Accessing, Obtaining and Protecting
Elgar Law, Technology and Society series
Edited by Abbe E.L. Brown
Chapter 9: The ‘new normal’: food, climate change and intellectual property
The global food system is broken. Worldwide, 868 million are undernourished. The Asia-Pacific region ranks highest in terms of the number of people that are hungry and sub-Saharan Africa leads on a percentage basis. In Niger, for example, one in two children suffers from malnutrition and one in six dies before the age of five. In July 2011, the United Nations declared Somalia’s food crisis a famine, triggered by the country’s worst drought in 60 years, killing tens of thousands of Somalis from malnutrition-related causes and forcing mass exodus to neighbouring Kenya. Aid agencies estimate that 3.7 million people in Somalia and millions more in neighbouring Djibouti, Ethiopia and Kenya are close to starvation. Secretary-General Ban Ki Moon, at a meeting of the UN Security Council in 2011, stated that climate change will result in a world where ‘mega-crisis may well become the new normal’. Josette Sheeran, Executive Director of the UN World Food Programme, has called the triple threat of climate change, rising food prices and population growth a ‘perfect storm’. On the 2011 famine in East Africa, the head of the US Agency for International Development (USAID), Rajiv Shah, stated: ‘There’s no question that hotter and drier growing conditions in sub-Saharan Africa have reduced the resiliency of these communities _ Absolutely the change in climate has contributed to this problem, without question.’ Even assuming success in limiting global warming to 2 degrees, the target that parties to the UN Framework Convention on Climate Change (UNFCCC) have resigned themselves to, climate change stands to make a bad situation worse.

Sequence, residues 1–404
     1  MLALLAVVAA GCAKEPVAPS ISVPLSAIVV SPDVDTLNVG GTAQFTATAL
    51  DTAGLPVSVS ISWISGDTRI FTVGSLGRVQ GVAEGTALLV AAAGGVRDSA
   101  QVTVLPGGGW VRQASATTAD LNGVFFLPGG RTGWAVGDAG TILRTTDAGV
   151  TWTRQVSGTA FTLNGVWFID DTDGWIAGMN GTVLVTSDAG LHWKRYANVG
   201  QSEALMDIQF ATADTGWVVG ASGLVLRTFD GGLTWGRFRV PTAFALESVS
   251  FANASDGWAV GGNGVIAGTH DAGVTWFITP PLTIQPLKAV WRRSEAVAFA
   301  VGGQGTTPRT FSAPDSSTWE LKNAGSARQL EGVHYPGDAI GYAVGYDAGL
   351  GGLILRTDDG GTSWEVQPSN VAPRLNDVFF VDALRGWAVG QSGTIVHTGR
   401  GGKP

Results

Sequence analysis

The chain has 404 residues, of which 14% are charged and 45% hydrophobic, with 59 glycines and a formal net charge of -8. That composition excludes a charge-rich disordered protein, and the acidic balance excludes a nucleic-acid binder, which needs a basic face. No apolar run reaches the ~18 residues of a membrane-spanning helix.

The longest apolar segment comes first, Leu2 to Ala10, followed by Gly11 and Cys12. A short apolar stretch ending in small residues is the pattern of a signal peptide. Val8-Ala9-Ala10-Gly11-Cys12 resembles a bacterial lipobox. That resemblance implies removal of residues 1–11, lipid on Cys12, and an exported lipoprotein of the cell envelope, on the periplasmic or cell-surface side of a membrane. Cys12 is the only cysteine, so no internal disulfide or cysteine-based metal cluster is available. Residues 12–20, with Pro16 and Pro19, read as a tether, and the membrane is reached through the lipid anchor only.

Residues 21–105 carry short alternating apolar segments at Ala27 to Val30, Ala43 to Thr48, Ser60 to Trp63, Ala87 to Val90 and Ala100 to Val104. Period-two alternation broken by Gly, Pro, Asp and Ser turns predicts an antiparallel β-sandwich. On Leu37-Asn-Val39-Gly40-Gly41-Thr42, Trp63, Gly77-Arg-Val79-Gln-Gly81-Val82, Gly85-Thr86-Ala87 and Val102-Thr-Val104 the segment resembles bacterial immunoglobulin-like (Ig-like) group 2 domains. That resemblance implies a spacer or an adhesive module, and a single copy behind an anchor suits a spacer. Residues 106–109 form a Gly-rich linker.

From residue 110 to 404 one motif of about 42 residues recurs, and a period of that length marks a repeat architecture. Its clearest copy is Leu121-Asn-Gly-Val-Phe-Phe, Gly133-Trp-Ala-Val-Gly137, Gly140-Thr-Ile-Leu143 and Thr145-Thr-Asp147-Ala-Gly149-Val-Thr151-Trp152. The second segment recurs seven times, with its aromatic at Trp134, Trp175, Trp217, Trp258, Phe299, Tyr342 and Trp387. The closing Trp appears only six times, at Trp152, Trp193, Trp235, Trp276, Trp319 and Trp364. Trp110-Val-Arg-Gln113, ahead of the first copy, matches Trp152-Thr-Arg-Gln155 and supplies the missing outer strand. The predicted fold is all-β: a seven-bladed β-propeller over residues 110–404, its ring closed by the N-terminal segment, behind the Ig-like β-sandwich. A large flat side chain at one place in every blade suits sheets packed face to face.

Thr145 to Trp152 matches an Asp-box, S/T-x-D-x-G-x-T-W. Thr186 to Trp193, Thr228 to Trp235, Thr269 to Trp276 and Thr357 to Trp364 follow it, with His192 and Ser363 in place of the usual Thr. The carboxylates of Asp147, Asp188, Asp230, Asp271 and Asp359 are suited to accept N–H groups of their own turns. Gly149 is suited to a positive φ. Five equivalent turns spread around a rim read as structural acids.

You are not authenticated to view the full text of this chapter or article.
Elgaronline requires a subscription or purchase to access the full text of books or journals. Please login through your library system or with your personal username and password on the homepage.
Non-subscribers can freely search the site, view abstracts/ extracts and download selected front matter and introductory chapters for personal use.
Your library may not have purchased all subject areas. If you are authenticated and think you should have access to this title, please contact your librarian.